Almost three in four adults believe that children under the age of 16 should not be allowed to buy energy drinks, a new survey has found.
Energy drinks can contain up to three times more caffeine than known caffeinated drinks such as coffee and cola. While caffeine is generally considered safe, adverse effects, such as a rapid heart rate and high blood pressure, have been linked with the consumption of large amounts.
Over the last year, some large retailers, such as Aldi and Boots, have introduced restrictions on the sale of energy drinks to people under 16. This latest survey has found that 72% of adults in Ireland agree with such a ban.
The under-16 ban is a voluntary move on the part of individual retailers and the Government has no plans so far to make this compulsory nationwide.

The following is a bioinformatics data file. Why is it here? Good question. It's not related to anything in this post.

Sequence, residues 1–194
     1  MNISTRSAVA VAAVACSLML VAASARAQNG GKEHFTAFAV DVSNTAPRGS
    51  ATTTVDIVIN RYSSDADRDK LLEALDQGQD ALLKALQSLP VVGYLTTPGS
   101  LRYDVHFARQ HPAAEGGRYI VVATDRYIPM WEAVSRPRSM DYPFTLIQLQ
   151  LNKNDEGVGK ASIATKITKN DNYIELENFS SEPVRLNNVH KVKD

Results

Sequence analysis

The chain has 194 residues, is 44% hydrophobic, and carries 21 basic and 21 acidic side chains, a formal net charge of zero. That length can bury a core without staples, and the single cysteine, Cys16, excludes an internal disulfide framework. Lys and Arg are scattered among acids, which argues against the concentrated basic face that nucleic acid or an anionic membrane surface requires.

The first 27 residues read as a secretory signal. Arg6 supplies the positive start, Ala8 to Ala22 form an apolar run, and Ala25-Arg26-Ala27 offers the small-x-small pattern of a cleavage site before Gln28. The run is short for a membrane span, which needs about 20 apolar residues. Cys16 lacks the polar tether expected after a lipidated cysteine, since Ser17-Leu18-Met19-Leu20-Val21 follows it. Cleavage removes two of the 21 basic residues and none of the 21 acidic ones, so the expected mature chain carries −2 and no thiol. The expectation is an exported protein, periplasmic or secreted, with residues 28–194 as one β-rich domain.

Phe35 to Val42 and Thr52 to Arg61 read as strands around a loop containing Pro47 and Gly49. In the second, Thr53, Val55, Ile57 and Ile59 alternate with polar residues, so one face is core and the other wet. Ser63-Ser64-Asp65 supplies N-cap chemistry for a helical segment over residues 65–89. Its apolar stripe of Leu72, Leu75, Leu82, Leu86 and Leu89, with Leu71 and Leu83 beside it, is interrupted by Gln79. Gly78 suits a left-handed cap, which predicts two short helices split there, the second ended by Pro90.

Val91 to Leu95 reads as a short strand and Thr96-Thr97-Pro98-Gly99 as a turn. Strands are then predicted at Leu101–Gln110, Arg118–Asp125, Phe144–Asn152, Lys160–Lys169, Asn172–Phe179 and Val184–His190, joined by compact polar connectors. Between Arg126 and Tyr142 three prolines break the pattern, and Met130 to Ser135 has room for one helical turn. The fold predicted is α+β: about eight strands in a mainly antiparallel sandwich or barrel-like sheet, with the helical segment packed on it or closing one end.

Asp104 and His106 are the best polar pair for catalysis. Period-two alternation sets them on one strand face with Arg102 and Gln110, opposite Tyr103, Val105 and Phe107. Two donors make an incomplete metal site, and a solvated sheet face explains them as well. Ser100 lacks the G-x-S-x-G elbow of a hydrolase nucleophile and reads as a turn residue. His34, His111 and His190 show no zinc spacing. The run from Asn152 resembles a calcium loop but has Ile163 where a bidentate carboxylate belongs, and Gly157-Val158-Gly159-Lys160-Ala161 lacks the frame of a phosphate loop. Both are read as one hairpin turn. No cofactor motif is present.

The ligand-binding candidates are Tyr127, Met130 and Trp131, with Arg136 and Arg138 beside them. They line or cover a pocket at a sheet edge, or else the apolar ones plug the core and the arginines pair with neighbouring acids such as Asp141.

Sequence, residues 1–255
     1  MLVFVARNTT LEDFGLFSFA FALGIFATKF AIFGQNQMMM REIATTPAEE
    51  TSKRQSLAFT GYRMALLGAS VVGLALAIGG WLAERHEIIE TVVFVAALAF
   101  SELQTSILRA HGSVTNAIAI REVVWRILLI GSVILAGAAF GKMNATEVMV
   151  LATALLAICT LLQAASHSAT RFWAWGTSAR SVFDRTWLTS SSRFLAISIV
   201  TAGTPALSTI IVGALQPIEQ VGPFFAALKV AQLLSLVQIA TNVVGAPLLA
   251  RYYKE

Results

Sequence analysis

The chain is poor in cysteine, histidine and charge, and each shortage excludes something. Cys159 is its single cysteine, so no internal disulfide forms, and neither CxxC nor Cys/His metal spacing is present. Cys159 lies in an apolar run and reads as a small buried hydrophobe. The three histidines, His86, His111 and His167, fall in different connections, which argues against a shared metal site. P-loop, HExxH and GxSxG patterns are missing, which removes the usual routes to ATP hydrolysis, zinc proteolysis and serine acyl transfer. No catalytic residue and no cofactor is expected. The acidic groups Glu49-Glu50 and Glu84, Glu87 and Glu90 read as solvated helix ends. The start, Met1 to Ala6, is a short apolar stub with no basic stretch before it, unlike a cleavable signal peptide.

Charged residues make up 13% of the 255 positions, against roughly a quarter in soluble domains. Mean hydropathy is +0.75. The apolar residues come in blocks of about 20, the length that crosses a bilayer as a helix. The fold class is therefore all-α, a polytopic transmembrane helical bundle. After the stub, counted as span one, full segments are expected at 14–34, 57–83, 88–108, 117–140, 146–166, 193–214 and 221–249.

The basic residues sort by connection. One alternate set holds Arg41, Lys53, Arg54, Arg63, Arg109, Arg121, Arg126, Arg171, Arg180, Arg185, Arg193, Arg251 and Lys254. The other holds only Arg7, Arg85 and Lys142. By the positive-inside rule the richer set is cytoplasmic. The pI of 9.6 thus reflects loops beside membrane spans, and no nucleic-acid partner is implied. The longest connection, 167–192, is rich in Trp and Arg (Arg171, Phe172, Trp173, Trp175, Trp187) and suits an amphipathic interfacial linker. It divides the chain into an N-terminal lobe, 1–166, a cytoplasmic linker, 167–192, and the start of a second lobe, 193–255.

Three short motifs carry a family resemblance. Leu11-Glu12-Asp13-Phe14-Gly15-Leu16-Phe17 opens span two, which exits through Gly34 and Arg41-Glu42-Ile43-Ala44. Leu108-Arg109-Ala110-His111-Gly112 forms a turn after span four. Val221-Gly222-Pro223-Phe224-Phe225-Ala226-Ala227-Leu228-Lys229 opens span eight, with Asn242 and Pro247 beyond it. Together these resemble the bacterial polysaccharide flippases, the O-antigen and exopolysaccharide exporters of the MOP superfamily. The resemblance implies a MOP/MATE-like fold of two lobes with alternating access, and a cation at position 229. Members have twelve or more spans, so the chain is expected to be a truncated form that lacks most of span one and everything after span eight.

The survey also looked at the controversial sugar tax, which was introduced on May 1 last year
As part of this, there is a tax of 30c per litre on sweetened drinks with over 8g of sugar per 100ml, and a reduced rate of 20c per litre on drinks with between 5-8g of sugar per 100ml.
At the time of its introduction, the Government insisted that this tax would help to tackle obesity in Ireland.
However, according to the survey, 45% of people do not feel that this tax will lower child obesity rates in Ireland. Some 34% believe the tax will have an impact.
Overall, more men (40%) than women (27%) believe that the tax will reduce child obesity rates.
Meanwhile, the survey also found that 89% of people think that children and teenagers should do more sport in school and need to learn more about healthy living.
The survey of 1,001 adults was carried out by iReach during the first week of February 2019.
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